We publish a range of reports, submissions, corporate documents and media releases.
July 2019 Newsletter:
23 July 2019
Tēnā tātou katoa,
Over the past few weeks we have seen a call from Māori to have a genuine decision-making role in ensuring the wellbeing of tamariki Māori. This includes recognition of the critical importance of keeping Māori babies with their whānau, or wider hapū and iwi.
When the Oranga Tamariki Act (1989) came fully into effect on 1 July, it set the scene for a potential revolution in the way Māori children and young people in particular receive care and support from the state.
I believe these changes have the power and the potential to deliver a new model for the way the state cares for and supports children and young people – and not before time.
Over the past 30 years, our care and protection system has had no less than 7 major reviews. Now, more than ever, our opportunity for revolution has become an obligation for change.
We must listen to the voices of whānau. We must work together to better to support whānau to ensure all our children can live lives safe from violence and harm.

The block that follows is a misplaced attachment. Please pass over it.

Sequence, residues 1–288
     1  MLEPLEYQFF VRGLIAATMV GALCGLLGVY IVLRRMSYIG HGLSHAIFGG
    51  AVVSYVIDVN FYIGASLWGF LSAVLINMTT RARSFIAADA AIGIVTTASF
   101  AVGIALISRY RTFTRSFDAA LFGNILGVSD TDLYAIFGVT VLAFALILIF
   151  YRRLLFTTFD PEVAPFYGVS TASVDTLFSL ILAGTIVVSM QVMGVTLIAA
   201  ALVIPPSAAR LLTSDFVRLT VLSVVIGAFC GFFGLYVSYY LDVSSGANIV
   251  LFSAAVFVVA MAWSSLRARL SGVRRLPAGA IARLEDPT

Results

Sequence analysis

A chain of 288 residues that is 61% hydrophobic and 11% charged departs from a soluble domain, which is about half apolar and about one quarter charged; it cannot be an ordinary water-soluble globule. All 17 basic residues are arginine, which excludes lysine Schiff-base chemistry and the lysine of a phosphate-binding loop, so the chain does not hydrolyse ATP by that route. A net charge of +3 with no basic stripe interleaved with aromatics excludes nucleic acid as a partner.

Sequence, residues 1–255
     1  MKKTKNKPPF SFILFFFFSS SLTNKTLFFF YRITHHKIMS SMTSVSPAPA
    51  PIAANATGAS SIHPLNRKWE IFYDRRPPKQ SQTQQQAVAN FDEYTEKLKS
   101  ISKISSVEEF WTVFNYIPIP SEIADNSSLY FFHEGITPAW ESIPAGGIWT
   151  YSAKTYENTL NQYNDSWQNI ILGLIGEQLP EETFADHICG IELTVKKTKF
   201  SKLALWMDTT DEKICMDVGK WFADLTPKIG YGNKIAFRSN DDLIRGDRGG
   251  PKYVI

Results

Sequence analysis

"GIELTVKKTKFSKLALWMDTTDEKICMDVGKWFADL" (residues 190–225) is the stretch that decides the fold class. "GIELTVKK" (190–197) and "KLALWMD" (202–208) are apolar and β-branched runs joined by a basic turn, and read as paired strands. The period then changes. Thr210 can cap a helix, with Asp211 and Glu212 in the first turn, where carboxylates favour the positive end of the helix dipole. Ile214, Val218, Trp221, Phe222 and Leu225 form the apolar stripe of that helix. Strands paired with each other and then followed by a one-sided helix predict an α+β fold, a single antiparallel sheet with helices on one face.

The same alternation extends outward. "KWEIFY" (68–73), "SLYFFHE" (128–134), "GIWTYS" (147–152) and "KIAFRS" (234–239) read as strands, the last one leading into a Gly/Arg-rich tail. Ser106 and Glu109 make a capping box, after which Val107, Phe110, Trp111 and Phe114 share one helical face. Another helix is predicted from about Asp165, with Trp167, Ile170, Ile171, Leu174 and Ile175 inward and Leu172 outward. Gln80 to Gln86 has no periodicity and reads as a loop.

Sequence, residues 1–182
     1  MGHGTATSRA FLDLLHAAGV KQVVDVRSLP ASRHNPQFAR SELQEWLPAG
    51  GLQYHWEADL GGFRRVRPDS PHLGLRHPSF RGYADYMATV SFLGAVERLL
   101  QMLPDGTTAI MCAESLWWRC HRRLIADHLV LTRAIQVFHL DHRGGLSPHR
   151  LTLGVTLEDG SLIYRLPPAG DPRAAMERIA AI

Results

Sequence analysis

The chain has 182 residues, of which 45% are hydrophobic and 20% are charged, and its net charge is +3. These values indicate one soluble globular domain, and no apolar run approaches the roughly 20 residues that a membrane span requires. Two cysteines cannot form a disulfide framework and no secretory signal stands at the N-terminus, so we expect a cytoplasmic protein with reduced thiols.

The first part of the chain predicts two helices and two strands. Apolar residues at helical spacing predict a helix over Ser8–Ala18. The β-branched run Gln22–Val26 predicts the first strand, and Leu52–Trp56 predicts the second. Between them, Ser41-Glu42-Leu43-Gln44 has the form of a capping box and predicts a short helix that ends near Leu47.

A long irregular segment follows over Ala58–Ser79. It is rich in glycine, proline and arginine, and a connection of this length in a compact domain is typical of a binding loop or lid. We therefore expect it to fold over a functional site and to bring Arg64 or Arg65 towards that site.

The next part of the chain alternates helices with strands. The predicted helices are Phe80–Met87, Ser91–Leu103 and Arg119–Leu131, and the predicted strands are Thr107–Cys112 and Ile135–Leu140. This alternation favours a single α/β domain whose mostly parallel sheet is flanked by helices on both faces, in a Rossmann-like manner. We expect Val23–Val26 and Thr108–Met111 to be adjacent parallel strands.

The good news is these changes show us a positive and constructive way forward to work together as families, whānau, iwi, Māori authorities and state agencies. The call to action is loud and clear – now it is time for New Zealand to embrace it.
You can read more of my comments about the need for change here.
On another note, never has it been more important to actively commit ourselves to hearing from children and young people. I am increasingly sensing a growing nationwide commitment to seeking out children's views. This is a great encouragement and a cause for real optimism. I’ve put the call out previously for a genuine discussion around reducing the voting age to 16, and I presented a submission to the Youth Parliament last week on the issue.
There’s the age-old adage that children should be “seen and not heard” – that they will have an opinion worth listening to once they are adults, but there’s no need to take notice of them until then. But children and young people have valuable and important insights right now. It is their right to be heard and taken seriously by adults. What children and young people have to say matters. And it is long past time we adults engaged with them productively.
Ngā mihi mahana
Children's Commissioner and Auckland Girls Grammar students at the MYSTORY Youth Summit
Children's Commissioner reappointed!
We are pleased to announce that the Children’s Commissioner Judge Andrew Becroft has had his appointment extended until 30 June 2021. The scope of the Children’s Commissioner’s role will also be extended to young people under the Oranga Tamariki Act, up to the age of 25.